Coming Home: Part I

Among Youth Homes, Architecture Can Send a Message of Reformation and Hope

Part One of a Two-Part Series

Durham County Youth Home, North Carolina

The concepts for punitive conditions and isolation among public offenders runs deep in human history, but for juveniles sometime around the mid-1800s minds began to change. Instead of viewing convicted minors strictly as criminals, a more empathetic society came to view them also as victims. In the late 1960s, the Supreme Court backed this notion and these days we have statistics to follow suit.

Youth entering the juvenile justice system have in many cases experienced significant trauma and violence and are more likely to present with mental health and substance abuse issues. With 65-70% exhibiting disorders, 30% facing learning disabilities and 48% functioning below grade level, by now there’s no debating: these individuals don’t deserve the harshest of punishments; they deserve a second chance.

Fortunately, new evidenced-based practices reverse theories centering on scaring offenders “straight,” leading some state and local governments to collaborate with architects in order to develop new facilities that inspire personal health and transformation. With these objectives in mind, in 2019 officials for Durham County, N.C., teamed up with Moseley Architects to collaborate on a new Youth Home. Scheduled for completion in 2022, the 40,000-square-foot, 36-bed facility is designed to do more than just provide the utmost in safety and security; it provides a therapeutic environment for skill building, counseling and personal reform.

Bringing it All Together

Facilities such as the Durham County Youth Home are faced with multi-faceted needs, ranging from housing, education and recreation, to health care and other essential functions. With more than 230 youth and adult detention and housing facilities in its portfolio, over 50 years in public school design, and having collaborated with more than 200 state, local and federal government agencies, “The more that we do, I think the more crossovers Moseley Architects can bring to the process,” says Jeff Scott, a project manager in the firm’s justice sector. While in the past architecture might have been viewed as a passive profession, “in the sense that we had clients who came to us and said, ‘This is what we want you to design and build and this is what we want you to put into it,’” these days architects function more along the lines of collaborative entrepreneurs, Scott suggests. By entrenching its creative processes into the professions it serves, Moseley Architects’ designs are also known for being morally and philosophically driven. When it comes to juvenile detention centers, “I think it’s even more critical, because of the fact that many of the people who end up in these facilities were dealt a bad hand,” Scott says. “A lot of them just don’t have the environment or the upbringing necessary to make good decisions.” Prior to joining Moseley in October 2019, Scott volunteered as guardian ad litem, assisting juveniles facing court hearings. “What a lot of these kids come from is tough,” he says. “Sometimes it isn’t heavy abuse, in terms of physical abuse or sexual abuse, but often more just consistent neglect.”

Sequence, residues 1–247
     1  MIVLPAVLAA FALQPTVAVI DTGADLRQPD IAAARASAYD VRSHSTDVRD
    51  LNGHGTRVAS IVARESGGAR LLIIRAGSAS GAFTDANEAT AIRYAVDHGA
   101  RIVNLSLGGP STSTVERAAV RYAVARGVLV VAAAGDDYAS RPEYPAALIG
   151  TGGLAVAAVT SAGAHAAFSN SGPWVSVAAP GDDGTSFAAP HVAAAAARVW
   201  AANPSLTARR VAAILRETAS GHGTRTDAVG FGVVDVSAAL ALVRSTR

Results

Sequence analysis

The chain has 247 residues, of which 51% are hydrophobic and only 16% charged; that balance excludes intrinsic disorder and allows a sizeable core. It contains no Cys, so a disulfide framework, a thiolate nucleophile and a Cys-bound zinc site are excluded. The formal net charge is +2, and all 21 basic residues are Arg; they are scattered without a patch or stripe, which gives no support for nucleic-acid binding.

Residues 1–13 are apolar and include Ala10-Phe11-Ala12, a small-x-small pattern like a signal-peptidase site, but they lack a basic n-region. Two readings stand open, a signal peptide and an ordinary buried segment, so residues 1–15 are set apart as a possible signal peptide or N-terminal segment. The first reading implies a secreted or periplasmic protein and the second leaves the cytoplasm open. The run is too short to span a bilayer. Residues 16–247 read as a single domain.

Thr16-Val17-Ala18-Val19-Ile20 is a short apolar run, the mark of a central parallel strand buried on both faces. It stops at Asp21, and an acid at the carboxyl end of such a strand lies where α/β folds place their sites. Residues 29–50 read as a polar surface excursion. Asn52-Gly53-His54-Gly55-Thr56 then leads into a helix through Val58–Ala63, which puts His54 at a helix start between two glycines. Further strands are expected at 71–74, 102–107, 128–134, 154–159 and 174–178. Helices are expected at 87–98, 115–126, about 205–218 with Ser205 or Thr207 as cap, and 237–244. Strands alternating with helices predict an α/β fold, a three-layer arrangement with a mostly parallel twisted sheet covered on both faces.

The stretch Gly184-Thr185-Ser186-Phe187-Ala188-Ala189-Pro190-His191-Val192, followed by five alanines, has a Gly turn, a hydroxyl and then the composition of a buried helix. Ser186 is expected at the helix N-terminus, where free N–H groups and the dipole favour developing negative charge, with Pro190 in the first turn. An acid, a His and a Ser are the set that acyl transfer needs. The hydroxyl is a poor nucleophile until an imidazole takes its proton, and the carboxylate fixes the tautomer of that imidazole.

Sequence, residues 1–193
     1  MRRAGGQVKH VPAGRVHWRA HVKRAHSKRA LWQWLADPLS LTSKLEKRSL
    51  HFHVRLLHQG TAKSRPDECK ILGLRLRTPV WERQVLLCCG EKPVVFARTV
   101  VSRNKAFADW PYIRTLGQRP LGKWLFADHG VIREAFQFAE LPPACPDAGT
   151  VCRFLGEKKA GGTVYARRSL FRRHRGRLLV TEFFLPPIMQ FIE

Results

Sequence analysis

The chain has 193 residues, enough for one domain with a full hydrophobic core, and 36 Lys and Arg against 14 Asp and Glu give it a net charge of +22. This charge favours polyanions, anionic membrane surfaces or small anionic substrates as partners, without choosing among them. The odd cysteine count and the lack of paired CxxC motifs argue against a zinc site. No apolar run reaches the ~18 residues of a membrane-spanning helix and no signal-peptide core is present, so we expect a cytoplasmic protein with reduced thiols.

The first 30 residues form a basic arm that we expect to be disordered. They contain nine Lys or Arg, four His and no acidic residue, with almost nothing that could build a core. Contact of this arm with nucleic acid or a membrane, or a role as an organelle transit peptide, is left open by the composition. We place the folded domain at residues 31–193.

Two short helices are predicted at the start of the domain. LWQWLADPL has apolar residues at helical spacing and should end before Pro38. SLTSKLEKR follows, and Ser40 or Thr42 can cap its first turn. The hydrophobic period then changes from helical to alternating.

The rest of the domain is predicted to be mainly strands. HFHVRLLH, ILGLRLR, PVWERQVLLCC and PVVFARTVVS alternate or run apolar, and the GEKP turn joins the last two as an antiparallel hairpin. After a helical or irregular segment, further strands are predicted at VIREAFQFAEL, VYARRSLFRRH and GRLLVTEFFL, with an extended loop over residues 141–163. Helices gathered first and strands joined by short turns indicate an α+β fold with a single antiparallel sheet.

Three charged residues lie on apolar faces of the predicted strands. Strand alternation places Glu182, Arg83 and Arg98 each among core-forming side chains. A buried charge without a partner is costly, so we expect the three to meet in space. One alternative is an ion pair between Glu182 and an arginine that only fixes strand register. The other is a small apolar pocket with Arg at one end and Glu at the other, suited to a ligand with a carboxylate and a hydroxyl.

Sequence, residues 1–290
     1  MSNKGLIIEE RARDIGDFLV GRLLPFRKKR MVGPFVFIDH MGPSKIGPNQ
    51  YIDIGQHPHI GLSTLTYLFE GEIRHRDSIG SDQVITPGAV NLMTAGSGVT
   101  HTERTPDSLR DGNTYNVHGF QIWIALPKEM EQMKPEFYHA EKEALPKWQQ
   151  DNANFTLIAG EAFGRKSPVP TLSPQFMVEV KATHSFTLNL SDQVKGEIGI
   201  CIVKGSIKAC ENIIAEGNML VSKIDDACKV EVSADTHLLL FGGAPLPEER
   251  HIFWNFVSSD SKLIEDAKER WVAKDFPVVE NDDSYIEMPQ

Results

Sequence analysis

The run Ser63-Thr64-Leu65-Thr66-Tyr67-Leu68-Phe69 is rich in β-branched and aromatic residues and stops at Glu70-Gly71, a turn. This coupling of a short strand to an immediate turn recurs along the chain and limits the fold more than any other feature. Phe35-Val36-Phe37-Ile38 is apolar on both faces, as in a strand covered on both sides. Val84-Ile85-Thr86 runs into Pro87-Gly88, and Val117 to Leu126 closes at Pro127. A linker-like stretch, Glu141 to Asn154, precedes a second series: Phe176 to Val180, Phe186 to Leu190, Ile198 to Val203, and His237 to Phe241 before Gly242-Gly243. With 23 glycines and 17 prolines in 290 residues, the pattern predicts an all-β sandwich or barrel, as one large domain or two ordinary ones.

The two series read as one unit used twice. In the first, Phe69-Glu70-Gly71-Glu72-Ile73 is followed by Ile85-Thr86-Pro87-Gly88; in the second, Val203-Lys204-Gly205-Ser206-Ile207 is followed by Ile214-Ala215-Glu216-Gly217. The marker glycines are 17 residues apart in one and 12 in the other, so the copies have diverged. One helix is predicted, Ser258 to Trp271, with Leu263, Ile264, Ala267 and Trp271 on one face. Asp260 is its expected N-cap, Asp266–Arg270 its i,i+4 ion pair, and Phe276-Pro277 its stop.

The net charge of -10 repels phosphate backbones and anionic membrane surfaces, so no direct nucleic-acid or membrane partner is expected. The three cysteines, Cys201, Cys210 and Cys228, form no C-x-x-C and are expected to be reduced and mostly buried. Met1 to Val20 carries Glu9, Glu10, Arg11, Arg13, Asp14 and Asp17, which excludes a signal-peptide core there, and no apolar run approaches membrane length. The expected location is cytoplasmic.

At the same time, research establishes relationships between those factors and delinquent behaviors. But for every dollar invested into facilities and programs designed to “scare” juvenile offenders onto the straight and narrow, there are significant financial losses, explains Michael Umpierre, director of Georgetown University’s Center for Juvenile Justice Reform—in some cases by as much as 80 to one, research shows. These days, studies indicate that the idea for punitive, uncomfortable environments to deter juveniles from recommitting delinquent behaviors is a misnomer, Umpierre says. “One of the marked differences between the juvenile system and the adult system is the notion that young people are capable of change. In fact, they do change,” he says. “We have to recognize that, not losing sight of holding youth accountable for their actions, while teaching them new skills and new types of behaviors to get them on the right track.”

States that have caught onto this philosophy now look to provide facilities and services that treat and rehabilitate youth offenders, aiming them at successful reintegration with society and away from the adult judicial system. While in the past juvenile centers might have been seen as last priorities among design and construction budgets, now state and local governments are leaning on firms like Moseley Architects to rethink what those facilities should look like and how they might contribute to reform. At the very least, they should be “normative,” experts suggest, but among the goals for the Durham County Youth Home, architects and designers aimed for a “restorative” environment—including for the professionals who will work there.

“If you can ensure that facilities are secure and safe, which is always a top priority for all of our projects, but then you can check additional boxes, in terms of improving mental health and giving them spaces that are relaxing and restorative,” the designed environment can make a significant contribution, Scott suggests.